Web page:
The heat in chillies comes from chemicals called capsaicinoids (primarily capsaicin) of which there are different types, which is why heat from different chillies is felt in different parts of the mouth.
Contrary to popular belief, the capsaicin is not contained in the seeds, but in the placenta, which is the fleshy strip (often white to cream coloured) inside the fruit to which the seeds are attached.
The cells which contain the capsaicin have a high internal pressure so that when the chilli is broken or sliced open they burst, spraying the chemical over the inside of the pod.
Scoville Heat Units (SHU) - Chilli-o-meter
The Scoville Scale
Heat is traditionally measured in Scoville Heat Units (SHU), devised by Mr Wilbur Scoville in 1912.
The principle was that a whole chilli was blended into sugar water and then diluted until it was no longer detectable by taste. This is a bit of a hit and miss process, so nowadays "Scoville Tests" are done using liquid chromatography and converted back into the widely used Scoville Heat Units.
How to combat the burn
The best antidote to heat is either patience, or a dairy product such as milk or yoghurt. Try to hold the yoghurt in your mouth for as long as possible before swallowing. Sugar also seems to reduce the heat sensation a little. Drinking water or beer does not help as they wash the heat further into your taste buds.
Apart from the heat of chillies, the wide range of chillies we grow are very different in flavour. The same chilli even has a different flavour when fresh to when it is dried; for example a fresh Aji Limon chilli tastes lemony but a dried Aji Limon tastes of banana! Chillies have a range of uses depending on their size, colour, fleshiness, flavour. Thinner skinned chillies are easier to dry; thicker fleshed chillies are good for stuffing and baking; small chillies are good to use whole; long chillies are easy to chop.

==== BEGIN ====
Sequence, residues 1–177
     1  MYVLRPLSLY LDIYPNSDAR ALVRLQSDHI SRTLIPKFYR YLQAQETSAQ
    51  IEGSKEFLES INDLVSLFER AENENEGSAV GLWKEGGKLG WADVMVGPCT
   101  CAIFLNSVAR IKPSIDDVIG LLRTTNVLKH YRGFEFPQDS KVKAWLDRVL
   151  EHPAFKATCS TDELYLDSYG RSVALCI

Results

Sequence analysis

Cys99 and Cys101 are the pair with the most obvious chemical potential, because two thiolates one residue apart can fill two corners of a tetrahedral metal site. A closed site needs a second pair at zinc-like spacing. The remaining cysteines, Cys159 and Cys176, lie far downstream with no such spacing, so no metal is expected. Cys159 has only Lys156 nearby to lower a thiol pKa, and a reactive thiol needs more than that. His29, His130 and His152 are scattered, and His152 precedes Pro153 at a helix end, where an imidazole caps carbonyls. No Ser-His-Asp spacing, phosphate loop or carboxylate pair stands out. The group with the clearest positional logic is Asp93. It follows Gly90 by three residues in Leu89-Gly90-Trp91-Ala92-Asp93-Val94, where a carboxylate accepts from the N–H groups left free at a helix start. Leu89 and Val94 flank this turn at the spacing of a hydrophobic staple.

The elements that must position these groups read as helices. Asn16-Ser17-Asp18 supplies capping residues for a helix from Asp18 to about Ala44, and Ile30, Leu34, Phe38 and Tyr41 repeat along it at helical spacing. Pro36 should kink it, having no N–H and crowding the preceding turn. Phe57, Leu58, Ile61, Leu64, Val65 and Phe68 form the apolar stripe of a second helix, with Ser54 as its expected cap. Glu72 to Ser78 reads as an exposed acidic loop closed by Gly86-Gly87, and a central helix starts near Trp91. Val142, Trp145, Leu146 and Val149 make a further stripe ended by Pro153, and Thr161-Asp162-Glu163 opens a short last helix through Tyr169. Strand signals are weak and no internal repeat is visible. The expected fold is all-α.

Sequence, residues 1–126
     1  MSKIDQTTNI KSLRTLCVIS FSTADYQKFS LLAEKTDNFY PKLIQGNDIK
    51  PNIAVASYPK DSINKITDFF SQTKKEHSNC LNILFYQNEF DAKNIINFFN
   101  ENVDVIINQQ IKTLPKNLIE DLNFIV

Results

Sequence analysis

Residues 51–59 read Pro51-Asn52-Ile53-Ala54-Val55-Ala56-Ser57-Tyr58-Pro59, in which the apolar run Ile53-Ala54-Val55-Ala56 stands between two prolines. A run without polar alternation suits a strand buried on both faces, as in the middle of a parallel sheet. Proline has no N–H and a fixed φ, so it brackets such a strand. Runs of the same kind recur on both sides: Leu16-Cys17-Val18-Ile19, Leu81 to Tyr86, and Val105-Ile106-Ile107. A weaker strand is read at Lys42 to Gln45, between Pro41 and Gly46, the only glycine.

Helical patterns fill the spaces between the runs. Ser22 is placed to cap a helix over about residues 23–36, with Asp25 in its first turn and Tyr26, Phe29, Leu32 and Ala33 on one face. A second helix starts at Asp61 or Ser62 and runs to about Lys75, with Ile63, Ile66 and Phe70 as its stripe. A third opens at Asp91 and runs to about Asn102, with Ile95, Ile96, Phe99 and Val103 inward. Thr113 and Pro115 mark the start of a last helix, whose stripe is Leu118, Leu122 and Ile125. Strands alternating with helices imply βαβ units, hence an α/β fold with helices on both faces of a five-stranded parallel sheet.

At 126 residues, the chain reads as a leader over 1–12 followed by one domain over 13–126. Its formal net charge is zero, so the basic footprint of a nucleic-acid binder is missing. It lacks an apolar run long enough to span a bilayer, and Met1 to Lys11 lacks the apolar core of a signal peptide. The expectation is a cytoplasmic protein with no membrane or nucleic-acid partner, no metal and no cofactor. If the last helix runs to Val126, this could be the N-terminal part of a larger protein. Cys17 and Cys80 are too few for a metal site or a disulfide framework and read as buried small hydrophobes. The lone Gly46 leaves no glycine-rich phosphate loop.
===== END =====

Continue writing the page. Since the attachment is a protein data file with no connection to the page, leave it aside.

See our online fresh chilli selection (seasonal) and recipes for more information on the uses for each chilli.
The flavours that chillies develop when dried is always surprising us! When tasting a fresh chilli, it is difficult to predict the amazing flavours that develop during the drying process!
Dried chillies can be reconstituted by covering them in boiling water and leaving them to stand for 20 minutes or so. They can then be mixed into a dish as they are or blended before adding. Some (like Ancho and Mulato chillies) have quite thick skins, so may need pushing through a sieve to remove the tough parts of the skin.
We recommend storing dried chillies whole, rather than grinding them to powder of flakes - powder can quickly lose the wonderful aromas and flavours so it is best to grind them to powder as you need it.
Drying chillies that you have grown is a great way to store them (ideally in a jar or tin, and in a dark, cool cupboard) and they will develop great flavours as they dry. To dry chillies, select the thinner-skinned varieties and place them somewhere warm and well ventilated. Dry them until they are firm with no soft parts, and then store in a jar or tin.
"Chilli" or "Chile" - The choice is yours, "chile" is the more usual spelling in the USA, and "chilli" is generally accepted as the correct UK spelling. You may also see "chili" which is also used in the USA. We have decided to use the UK spelling since that is where we are, but you may occasionally catch us using "chile".